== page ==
Muhammad Ali Remembered as a "Truly Free Man of Faith" at His Public Funeral


President Bill Clinton saluted Muhammad Ali as "a truly free man of faith" whose life choices inspired millions during a well-attended funeral service in Louisville, Kentucky, on Friday. The black boxing legend died at age 74 on June 3.

"I think he decided very young to write his own life story," Clinton said in one of several eulogies delivered Friday at the KFC Yum! Center. "He decided that he would not be disempowered." 

Ali's widow, Lonnie Ali, and some of his children offered heartfelt tributes. The event was live streamed online.

Thousands attended the service including dignitaries such as King Abdullah II bin Al-Hussein of Jordan and Attallah Shabazz, the daughter of the late civil rights icon Malcolm X. Actor Will Smith, who was nominated for an Academy Award for his portrayal of the boxer in 2002's Ali, was among 15 pallbearers.


Inside the ring, Ali became known as one of the greatest athletes of all time, winning three world heavyweight boxing titles and an Olympic gold medal. His outspokenness on issues of race and politics nearly cost him his career in the 1960s, but he inspired generations of social justice and peace activists, journalists and athletes.

"I doubt any of us will ever forget how Muhammad Ali made us feel," said legendary sportscaster Bryant Gumbel, who delivered one of the eulogies. "I'm talking about how he gripped our hearts and our souls and our conscience and made our fights his fights for decades."

The lights in the Louisville arena were dimmed except for those that shown on the stage, where service officiants and clergy sat. They were flanked by green and white floral arrangements.

Ali's Muslim faith, in part, shaped his public persona, particularly in the late 1960s. During this time, the U.S. was at war with Vietnam and Ali eligible for the draft. But officials would not grant Ali a dispensation from the draft, given his status as a conscientious objector to the war. Boxing officials stripped him of his world title and barred him during three of his prime years.

The stand he took, at great professional cost, endeared him to hundreds of thousands of people around the world, said comedian Billy Crystal, a close friend of Ali's, known for his impressions of the boxer. "He was so much more than a fighter," Crystal said. "There were millions of young men my age eligible for the draft, but it was Ali who stood up for us, by standing up for himself."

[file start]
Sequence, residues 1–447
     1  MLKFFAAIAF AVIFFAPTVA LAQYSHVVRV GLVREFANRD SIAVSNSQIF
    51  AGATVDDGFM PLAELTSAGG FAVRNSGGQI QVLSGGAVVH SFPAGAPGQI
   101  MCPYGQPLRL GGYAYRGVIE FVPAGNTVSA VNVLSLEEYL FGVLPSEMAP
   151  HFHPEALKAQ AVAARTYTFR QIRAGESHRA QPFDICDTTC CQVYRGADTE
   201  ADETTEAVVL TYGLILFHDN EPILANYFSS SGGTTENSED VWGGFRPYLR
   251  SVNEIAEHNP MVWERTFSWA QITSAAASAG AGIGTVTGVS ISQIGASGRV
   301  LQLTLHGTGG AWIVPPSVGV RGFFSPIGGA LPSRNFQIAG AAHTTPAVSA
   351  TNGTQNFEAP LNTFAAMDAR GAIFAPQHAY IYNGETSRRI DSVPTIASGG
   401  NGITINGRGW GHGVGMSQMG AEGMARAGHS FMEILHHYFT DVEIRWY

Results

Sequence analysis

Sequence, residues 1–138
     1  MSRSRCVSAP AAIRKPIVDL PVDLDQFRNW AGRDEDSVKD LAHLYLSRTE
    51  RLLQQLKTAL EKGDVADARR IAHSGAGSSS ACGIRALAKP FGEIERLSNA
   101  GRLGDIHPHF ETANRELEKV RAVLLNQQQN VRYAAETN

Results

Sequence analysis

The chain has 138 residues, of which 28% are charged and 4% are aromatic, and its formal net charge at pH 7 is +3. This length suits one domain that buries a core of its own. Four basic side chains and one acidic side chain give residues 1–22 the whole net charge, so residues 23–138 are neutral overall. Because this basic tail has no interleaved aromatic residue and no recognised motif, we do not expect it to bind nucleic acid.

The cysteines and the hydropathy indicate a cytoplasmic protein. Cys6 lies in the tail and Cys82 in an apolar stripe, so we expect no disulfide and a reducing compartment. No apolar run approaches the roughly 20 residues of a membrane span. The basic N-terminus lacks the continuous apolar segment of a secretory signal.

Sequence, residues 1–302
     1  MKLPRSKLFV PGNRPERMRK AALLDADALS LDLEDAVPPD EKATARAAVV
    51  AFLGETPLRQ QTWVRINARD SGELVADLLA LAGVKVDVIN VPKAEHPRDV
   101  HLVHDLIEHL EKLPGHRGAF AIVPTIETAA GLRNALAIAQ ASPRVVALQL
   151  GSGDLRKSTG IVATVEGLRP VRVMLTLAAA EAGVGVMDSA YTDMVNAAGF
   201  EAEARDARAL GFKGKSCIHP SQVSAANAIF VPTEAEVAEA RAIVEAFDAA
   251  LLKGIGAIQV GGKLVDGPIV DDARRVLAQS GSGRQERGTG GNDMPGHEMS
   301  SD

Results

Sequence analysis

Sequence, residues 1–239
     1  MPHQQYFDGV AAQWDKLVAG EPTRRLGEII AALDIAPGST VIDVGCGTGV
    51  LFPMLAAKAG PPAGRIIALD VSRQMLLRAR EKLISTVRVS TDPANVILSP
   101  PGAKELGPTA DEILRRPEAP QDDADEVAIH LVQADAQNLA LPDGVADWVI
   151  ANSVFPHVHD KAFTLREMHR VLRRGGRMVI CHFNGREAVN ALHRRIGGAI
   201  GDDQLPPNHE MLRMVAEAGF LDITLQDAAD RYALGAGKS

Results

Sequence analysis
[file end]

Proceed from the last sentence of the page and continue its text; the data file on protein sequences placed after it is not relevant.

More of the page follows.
Ali and his family have reportedly been planning his funeral for 10 years, according to Reuters. One of Ali's requests was that his public memorial service include representatives from multiple faiths — Islam, Christianity, Buddhism and Mormonism.

David Goldman/AP

While some clergymen and women offered prayers for Ali and those mourning him, others saluted his sense of pride in his culture. "Before James Brown said 'I'm black and I'm proud,' Muhammad Ali said 'I'm black and I'm pretty,'" said St. Stephen Church pastor Kevin Cosby, who had remarks during the service. 

Attallah Shabazz, Malcolm X's daughter, told service attendees that her dad loved Ali as "a little brother, 16 years his junior." Despite some political division between the two men in the 1960s, they cherished their ability to discuss how to make a difference in others lives, Shabazz said. 

Darron Cummings/AP

Free tickets to the service were gone within an hour after they became available to the public earlier this week, according to ESPN. Hundreds of people lined up Wednesday morning at KFC Yum! Center to claim the 15,000 available tickets. Some mourners expressed anger that tickets were being scalped by opportunists at online vendors.

Ali died from complications of Parkinson's disease in a Phoenix-area hospital. Born Cassius Marcellus Clay Jr. on January 17, 1942, in Louisville, Ali grew up in the segregated South and experienced racial prejudice firsthand.

David Goldman/AP

Clinton said it was smarts and wisdom that allowed the boxer to overcome obstacles of racism, public scrutiny and life-altering disease.

"My enduring image of him is like a little reel in three shots," Clinton said. "The boxer I thrilled to as a boy, the man I watched take the last steps to light the Olympic flame when I was president, and the children whose lives he touched."